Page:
The war for independence certainly forced the Spanish to leave, but it did not end in the emancipation of the Philippine people. Rather, it led to their subjugation by a new master – the United States. The Philippines fell under the domination of the United States at the moment when the major powers were dividing up the world. Instead of contesting with England and France for Africa, the U.S. moved to take over the last vestiges of the Spanish Empire, such as Cuba and Puerto Rico. When the 1898 uprising of the Philippine population broke out, worrying even the native bourgeoisie, the U.S. won over the nationalist leaders by assuring them of their support for the cause of independence from Spain. On June 12, 1898, independence was certainly declared. However, on August 13, the Spanish handed the keys to Manila to the U.S. Army by arranging a sham naval battle to avoid surrendering to the Philippine guerrillas behind the scene. Spanish and U.S. diplomats had already come to an agreement on the transfer of power and even on the price: Spain agreed to cede the Philippines to the United States for 20 million dollars. In February 1899, the United States claimed the Philippines as a U.S. protectorate. It would take the U.S. navy four years of war – using 100,000 U.S. soldiers and causing hundreds of thousands of Philippine deaths – to make this conquest a reality.
On the economic level, the U.S. occupation continued the same policy that the Spanish had started, only on a greater scale and with more modern technical means. The U.S. made Filipino workers produce as many goods as the U.S., and even European and Chinese markets could absorb. The list of resources that could be commercialized was long: gold, coal, lumber, rice, sugar, coconuts, hemp, tobacco, etc. It mattered little to the imperialist masters that this commercialization eliminated the production of food. This business forced Filipinos to buy products imported from the United States in order to eat and to clothe themselves, a change which also proved profitable for the United States. The “free trade” between the two countries was anything but equal. U.S. companies had the freedom to inundate the Philippine markets with their goods while keeping out any goods from their European competitors. The Philippines also had the freedom to export their agricultural products to the United States, as long as they didn’t create “unfair competition” for Southern or Midwestern farmers! In 1934, a date was finally set for the territory’s independence – 10 years into the future. The condition was that U.S. companies would keep all their economic advantages in the Philippines and that the United States could keep as many military bases there as it wanted. The islands were essentially a cash cow for the U.S. economy.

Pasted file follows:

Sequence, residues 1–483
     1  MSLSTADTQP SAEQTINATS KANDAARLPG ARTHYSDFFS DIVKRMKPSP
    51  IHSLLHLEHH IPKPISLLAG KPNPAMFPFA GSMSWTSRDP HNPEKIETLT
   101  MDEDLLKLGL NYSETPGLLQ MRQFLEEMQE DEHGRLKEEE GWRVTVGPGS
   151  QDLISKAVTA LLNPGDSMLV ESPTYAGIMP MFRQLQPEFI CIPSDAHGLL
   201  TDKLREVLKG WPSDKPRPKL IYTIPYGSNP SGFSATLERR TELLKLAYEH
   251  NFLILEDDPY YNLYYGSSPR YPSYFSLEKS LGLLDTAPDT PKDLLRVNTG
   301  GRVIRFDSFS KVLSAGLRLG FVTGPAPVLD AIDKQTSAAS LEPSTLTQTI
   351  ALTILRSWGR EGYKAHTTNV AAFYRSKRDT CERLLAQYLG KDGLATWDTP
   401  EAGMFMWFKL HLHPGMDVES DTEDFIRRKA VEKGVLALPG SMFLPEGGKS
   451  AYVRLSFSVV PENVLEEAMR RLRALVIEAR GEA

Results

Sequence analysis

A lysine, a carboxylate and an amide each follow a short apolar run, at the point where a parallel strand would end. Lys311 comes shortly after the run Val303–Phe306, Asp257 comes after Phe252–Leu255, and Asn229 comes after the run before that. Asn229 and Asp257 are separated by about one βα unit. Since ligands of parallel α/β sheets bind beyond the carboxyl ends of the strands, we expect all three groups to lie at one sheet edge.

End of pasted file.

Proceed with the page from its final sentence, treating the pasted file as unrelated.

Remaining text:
On December 7, 1941, just a few hours after Pearl Harbor, the Japanese Army advanced on the Philippines. The Japanese government presented itself to the people as a liberator – just as the U.S. government had done in 1898. It courted the nationalists who were willing to play along (one of whom was Benigno Aquino, the current president’s grandfather). The capture of Manila in January 1942 was supposed to inaugurate the Philippines’ entry into the “CoProsperity Sphere.” However, in place of this panAsian solidarity, the Japanese subjected the Philippines to three years of occupation no less brutal than the Spanish and U.S. occupations. Japan, like the other powers involved in World War II, was in it to expand its economic empire, an empire where the roles were laid out in advance, with industrial production left to Japan and the production of cheap raw materials left to the colonies – Korea, Manchuria and the Philippines. Cotton cultivation replaced rice growing, which was an important part of the Philippine diet, driving the population into unprecedented poverty. In the midst of this suffering, a wheeling and dealing bourgeoisie, which at this point was Japanese as well as Chinese, knew how to benefit even after General MacArthur made his big return on October 20, 1944.